For these reasons and many more, President Donald Trump should profit from the special Haitian Flag Day coming on May 18 to sign the TPS extension for them. They are, in general, law abiding citizens who just deserve a chance to serve a country willing to adopt them.

I am glad to report that Mrs Omarosa Newman was most responsive to the advocacy. To quote her own answer: “We want them here, they will not be deported; the TPS extension will be signed.”

In the light of today’s fake news making its way into legitimate news, May 18 is around the corner, we will soon know whether we can count on the affirmation of a public official given willingly. In the meantime, Haitian TPS holders stay calm, everything will be alright, the American institutions are on your side, thank them profusely, and President Trump is inclined to rule on your behalf in spite of the dissenting advice of his Department of Justice, which finds Haiti is safe enough for your return to a home still in turmoil and filled with today natural catastrophes due to prolonged national governmental indolence and international interference!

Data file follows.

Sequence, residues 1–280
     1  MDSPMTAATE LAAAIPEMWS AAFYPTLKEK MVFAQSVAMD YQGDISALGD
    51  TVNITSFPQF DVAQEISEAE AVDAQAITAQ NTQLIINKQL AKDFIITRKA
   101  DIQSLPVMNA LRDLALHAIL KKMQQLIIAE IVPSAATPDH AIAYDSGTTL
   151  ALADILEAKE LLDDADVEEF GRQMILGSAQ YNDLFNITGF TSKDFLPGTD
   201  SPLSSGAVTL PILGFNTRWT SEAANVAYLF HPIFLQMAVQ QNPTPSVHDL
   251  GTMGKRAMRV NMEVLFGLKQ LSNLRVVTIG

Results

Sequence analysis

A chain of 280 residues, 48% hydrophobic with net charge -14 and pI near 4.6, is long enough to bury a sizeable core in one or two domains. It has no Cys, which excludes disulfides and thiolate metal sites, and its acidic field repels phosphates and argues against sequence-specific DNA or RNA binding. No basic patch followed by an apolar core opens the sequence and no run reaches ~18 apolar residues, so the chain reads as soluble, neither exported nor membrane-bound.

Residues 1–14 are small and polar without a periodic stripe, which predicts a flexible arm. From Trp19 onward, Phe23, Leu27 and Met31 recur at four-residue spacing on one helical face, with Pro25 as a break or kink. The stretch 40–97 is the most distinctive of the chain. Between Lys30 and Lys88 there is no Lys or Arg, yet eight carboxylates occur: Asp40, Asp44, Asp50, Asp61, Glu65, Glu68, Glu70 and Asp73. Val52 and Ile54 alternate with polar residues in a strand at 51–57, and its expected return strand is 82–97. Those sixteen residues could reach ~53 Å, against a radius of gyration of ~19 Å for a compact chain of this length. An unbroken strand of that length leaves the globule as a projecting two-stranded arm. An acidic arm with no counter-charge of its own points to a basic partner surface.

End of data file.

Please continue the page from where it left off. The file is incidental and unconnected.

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Prof. Yves A. Isidor:
Haiti, Technically Sovereign Statelet Nation of Untold Number of Problems, Still, Basket-Case Land Is Not for Sale

By Yves A. Isidor

Well, heck, who went as far as having the audacity to say in a May 2, 2017 opinion piece in the daily Boston Globe, “Haiti should relinquish its sovereignty? Richard Albert, a constitutional law professor at Boston College Law School, according to the residual, biographical information at the very end of the same op-ed article.

Whose opinion piece clearly shows that he lacks the capacity, preferably authority (from the Latin, auctoritas) needed to suggest that Haiti should cease to exist as a sovereign land, and that Canada, for example, will, hopefully, be of significant help, if the Haitians or the morons are to cease proving that they lack, even the pedestrian level of intelligence of the “racist to the core white man or that of Adolf Hitler? Again, that of Professor Albert.